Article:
Gregory Edwards, Caitlin Lonegan, William J. O’Brien and Mariah Robertson at Acme

I suppose I noticed first Mariah Robertson’s photos, I had never thought of a bald eagle as carrion fowl but here was one tearing at the flesh of a dead creature on the ground. This is in a circle at the top of the photo print, and it is bleached a blue-white. The man I see next is nude, his arms are raised, curving up from his shoulders, one of them anyway, the other disappears into (again) light. Shadows cover his dick and balls – this is frustrating, but nicely so: the artist wants me to want more, and I do. The photo is framed in brown wood, and the print seems jammed in and slightly bowed under pressure.

As I walked toward this piece, out of the corner of my eye I spied a glitter covered object on the wall. (William J. O’Brien – Untitled, 2010 mixed media, 20 1/2 x 19 1/4 x 7 1/2″) I think this is made with slats like you would use to plaster a wall, these are painted pink underneath – a good solid Schiaparelli pink. Strings bind the planks together and parti-hued glitter covers the whole. It is pretty and dirty. The sculpture feels full of life, but not in a joie de vivre way, rather in the way a swamp is full of life: fecund, as though it rots, and bacteria divide and multiply in its space. (I give myself to fantasy sometimes, it helps me recall what I am seeing.)

Gregory Edwards’ “Interior Blind 3” grabs my attention next. (In fact I tell a lie. After looking at “102” by Robertson, I walked into the farthest room, surveying the show and landing at Caitlin Lonegan’s two untitled paintings in the small room. More about these later.) The painting and its style seem familiar, but upon closer examination become strange. The tripartate form of a Venetian blind is used, a bit off center, and this is a thing that I recognize. The colors are simple primary and secondary hues, another comfort zone, and yet the combination, simple as it is, puzzles me. I keep looking, and am happy to do so. But why? What I see is not a doppelgänger, it is not a metaphor nor is it uncanny, really. This is a painting of a real thing, and it is kind of cheerful, gemütlichkeit. In the next room two oval paintings by Edwards are real things that are painted, vinyl siding spray painted abstractly. The tension among these objects is nice and weird. Good cheer is not a typical art sensation. I’m unsettled. This is nice.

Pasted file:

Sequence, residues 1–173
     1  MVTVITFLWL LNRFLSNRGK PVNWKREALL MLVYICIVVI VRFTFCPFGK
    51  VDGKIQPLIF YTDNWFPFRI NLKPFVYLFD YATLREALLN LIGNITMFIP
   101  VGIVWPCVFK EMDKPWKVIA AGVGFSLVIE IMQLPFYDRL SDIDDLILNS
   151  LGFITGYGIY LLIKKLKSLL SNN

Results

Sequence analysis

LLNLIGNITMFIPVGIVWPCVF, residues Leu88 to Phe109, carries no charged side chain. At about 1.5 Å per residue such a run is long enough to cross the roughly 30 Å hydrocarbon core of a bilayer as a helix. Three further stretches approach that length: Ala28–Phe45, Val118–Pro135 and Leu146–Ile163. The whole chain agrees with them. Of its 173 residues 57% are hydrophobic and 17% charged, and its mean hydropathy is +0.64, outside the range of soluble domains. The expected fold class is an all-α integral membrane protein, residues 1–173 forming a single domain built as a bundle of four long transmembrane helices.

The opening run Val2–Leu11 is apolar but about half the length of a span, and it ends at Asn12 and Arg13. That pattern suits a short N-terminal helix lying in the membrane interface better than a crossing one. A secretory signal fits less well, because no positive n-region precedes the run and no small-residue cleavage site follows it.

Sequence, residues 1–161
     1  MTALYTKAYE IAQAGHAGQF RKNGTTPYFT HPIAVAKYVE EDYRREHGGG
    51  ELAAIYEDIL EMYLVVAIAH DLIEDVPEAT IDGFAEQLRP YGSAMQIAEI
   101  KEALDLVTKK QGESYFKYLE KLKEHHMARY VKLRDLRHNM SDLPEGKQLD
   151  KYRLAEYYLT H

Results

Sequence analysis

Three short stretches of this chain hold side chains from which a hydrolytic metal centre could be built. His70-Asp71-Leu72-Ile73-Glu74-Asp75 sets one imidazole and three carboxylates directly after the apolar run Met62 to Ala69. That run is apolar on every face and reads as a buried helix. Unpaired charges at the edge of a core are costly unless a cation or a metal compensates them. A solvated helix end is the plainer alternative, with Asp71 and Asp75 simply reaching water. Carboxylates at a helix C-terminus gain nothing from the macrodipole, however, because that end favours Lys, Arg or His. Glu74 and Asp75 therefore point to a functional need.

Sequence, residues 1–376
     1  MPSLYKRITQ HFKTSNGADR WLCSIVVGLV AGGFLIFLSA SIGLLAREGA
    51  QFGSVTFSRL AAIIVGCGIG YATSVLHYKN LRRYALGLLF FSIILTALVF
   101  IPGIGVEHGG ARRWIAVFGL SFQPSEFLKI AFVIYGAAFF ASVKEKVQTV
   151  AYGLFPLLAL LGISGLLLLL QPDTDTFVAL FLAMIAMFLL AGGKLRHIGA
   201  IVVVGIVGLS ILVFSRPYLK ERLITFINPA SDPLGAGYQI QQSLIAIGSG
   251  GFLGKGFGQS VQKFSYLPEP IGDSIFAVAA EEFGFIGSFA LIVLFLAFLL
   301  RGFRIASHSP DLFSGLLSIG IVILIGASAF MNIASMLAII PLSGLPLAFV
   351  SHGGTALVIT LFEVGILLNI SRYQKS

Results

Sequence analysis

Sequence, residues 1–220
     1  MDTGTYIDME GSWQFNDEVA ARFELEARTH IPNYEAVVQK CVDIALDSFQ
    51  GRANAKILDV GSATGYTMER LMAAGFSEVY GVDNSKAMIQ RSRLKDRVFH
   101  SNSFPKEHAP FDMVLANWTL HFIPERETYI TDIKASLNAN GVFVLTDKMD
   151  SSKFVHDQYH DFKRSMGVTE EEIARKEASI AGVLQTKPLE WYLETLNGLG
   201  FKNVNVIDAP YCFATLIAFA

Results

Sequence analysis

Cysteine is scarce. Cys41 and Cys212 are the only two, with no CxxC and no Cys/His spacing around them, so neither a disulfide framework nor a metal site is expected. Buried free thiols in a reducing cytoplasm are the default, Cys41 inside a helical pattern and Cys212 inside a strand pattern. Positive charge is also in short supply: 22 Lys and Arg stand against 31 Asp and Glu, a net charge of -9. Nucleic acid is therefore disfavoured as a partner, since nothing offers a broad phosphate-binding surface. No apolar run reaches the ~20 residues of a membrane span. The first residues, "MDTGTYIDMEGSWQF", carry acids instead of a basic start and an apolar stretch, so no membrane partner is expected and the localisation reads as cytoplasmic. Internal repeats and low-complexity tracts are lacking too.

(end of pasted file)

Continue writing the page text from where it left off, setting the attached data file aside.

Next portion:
Caitlin Lonegan, Untitled, (in the small room immediately on your left) makes me feel as though some redaction is going on. I use the term for blacking out text purposefully, because in several of Lonegan’s paintings I discern letter forms, or I want to find them. (See for example, the Untitled painting in the middle room, and even the painting in the small room flanking to your right.) I don’t recall that Lonegan uses black for these redactions. I remember colors.

Metallic silver paint blinds me at eye level in this painting, and there is a gold reflective square just below and to the right. This I only notice when I crouch, and the clay toned green touching this square’s side becomes turquoise, when I look up from near the floor. The green itself is reflective, and is made with two colors painted in layers, gold upon blue.